Gripping from page one, Worldshaker is a terrific fantasy set aboard a massive city-ship in which wealth is only for the privileged elite and poverty equals slavery. Having been groomed for greatness all his life, teenager Col, due to become the next Supreme Commander, is shocked to find in his cabin a Filthy, one of the bottom deck slaves. More astounding is that she can speak, is intelligent, and exhibits the same emotions as Col, all of which are counter to what he’s been taught. Covertly, and against all his instincts, Col is drawn into investigating the ignored world of the Filthies, and he discovers the reality of life without the safety of money and influence. Shades of steampunk pervade this multi-layered allegory of contemporary life, and I’d be surprised if anyone could read it without starting to explore and question their own assumptions and actions. There’s a strong visual element to Worldshaker which would translate superbly to film. Powerful, compelling, and highly recommended. Lynndy Bennett ($18, PB)
BOOKTOPIA REVIEW (Australian online bookshop)
A brilliant fantasy that will hook you from the very first page, set aboard a huge ship in which the elites live on the top decks while the Filthies toil below. Col's safe, civilized world on the upper decks of the Worldshaker, a huge ship that has been sailing since 1845, is changed forever when a Filthy from below finds her way into his cabin. Richard Harland has created an acutely observed and utterly compelling Gothic world of warped Victoriana to explore 16-year-old Col's journey from cosseted youth to courageous maturity.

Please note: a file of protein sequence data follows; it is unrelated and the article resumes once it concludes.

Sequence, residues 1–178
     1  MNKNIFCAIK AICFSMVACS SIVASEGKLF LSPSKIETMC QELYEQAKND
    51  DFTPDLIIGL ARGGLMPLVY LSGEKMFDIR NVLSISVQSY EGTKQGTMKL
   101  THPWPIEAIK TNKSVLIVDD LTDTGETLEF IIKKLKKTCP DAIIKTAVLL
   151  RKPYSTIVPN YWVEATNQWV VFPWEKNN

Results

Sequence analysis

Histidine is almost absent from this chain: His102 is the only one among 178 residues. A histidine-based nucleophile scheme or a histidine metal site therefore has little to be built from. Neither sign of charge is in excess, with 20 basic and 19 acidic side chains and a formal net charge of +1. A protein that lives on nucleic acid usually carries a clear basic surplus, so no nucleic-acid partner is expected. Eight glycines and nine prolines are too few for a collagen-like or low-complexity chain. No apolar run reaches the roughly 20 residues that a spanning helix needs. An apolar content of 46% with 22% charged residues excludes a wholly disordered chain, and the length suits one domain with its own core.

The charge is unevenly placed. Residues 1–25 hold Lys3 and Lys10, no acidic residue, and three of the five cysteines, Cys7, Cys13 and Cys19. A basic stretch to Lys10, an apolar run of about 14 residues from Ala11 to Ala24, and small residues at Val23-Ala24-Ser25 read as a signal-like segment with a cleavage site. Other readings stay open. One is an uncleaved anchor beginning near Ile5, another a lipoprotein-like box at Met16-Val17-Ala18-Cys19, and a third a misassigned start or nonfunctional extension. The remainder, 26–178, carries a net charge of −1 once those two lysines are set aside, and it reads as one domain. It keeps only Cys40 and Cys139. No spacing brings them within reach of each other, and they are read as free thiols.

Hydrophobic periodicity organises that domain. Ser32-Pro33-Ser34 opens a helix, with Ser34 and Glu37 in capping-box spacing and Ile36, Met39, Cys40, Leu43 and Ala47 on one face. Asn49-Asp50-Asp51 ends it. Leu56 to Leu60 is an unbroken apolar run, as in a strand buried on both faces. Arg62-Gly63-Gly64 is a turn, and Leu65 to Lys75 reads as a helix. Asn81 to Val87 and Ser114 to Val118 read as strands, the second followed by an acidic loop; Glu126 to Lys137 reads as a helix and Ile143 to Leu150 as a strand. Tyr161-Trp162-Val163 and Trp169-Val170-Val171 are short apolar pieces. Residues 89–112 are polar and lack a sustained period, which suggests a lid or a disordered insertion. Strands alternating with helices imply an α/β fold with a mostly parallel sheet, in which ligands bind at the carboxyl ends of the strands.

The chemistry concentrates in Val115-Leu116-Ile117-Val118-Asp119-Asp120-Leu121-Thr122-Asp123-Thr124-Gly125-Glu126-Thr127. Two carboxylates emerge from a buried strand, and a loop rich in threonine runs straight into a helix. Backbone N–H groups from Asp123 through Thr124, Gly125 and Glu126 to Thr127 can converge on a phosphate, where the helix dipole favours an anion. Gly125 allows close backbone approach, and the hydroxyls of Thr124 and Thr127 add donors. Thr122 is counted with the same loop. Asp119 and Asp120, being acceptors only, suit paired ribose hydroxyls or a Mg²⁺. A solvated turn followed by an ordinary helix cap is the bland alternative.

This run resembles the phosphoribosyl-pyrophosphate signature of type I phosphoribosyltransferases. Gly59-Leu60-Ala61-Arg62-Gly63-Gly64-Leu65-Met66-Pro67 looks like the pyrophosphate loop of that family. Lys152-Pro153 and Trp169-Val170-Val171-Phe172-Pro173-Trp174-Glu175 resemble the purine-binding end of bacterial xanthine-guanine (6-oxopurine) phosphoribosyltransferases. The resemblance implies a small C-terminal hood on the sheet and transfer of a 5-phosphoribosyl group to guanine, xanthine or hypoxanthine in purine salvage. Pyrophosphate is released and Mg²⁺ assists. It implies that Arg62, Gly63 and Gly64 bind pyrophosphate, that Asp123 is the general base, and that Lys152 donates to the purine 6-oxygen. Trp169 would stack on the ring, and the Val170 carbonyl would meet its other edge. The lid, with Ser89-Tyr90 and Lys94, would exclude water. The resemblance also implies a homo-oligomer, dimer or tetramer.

Author of the internationally successful, Nebula-nominated trilogy, Monster Blood Tattoo (aka Tale of the Foundling), D.M. Cornish wrote a blurb for Worldshaker, of which a small part appears on the book's back cover. Here's the full text:
"The idea of alternative histories for the world is deeply fascinating and in Worldshaker Mr Harland has provided a marvellously otherly vision of the 21st Century with wonderfully bizarrely named people and a claustrophobic setting of rivets, iron and steam, rustling silks and stiff collars and even stiffer manners; dark, twisting, bustling, brilliant – steam-punk, if I dare use the term, at its purest, its truest… And amidst it all, a strong indictment of the imperialistic ravages of the Western world. What a delight to read the words of a soul who shares the same grim tastes and love of playful language. Very very glum when it came to an end – returning to the book I was in the midst of reading when I took up World-shaker,I find it very thin and pallid in comparison.
I’m off to plunder Mr Harland’s back catalogue."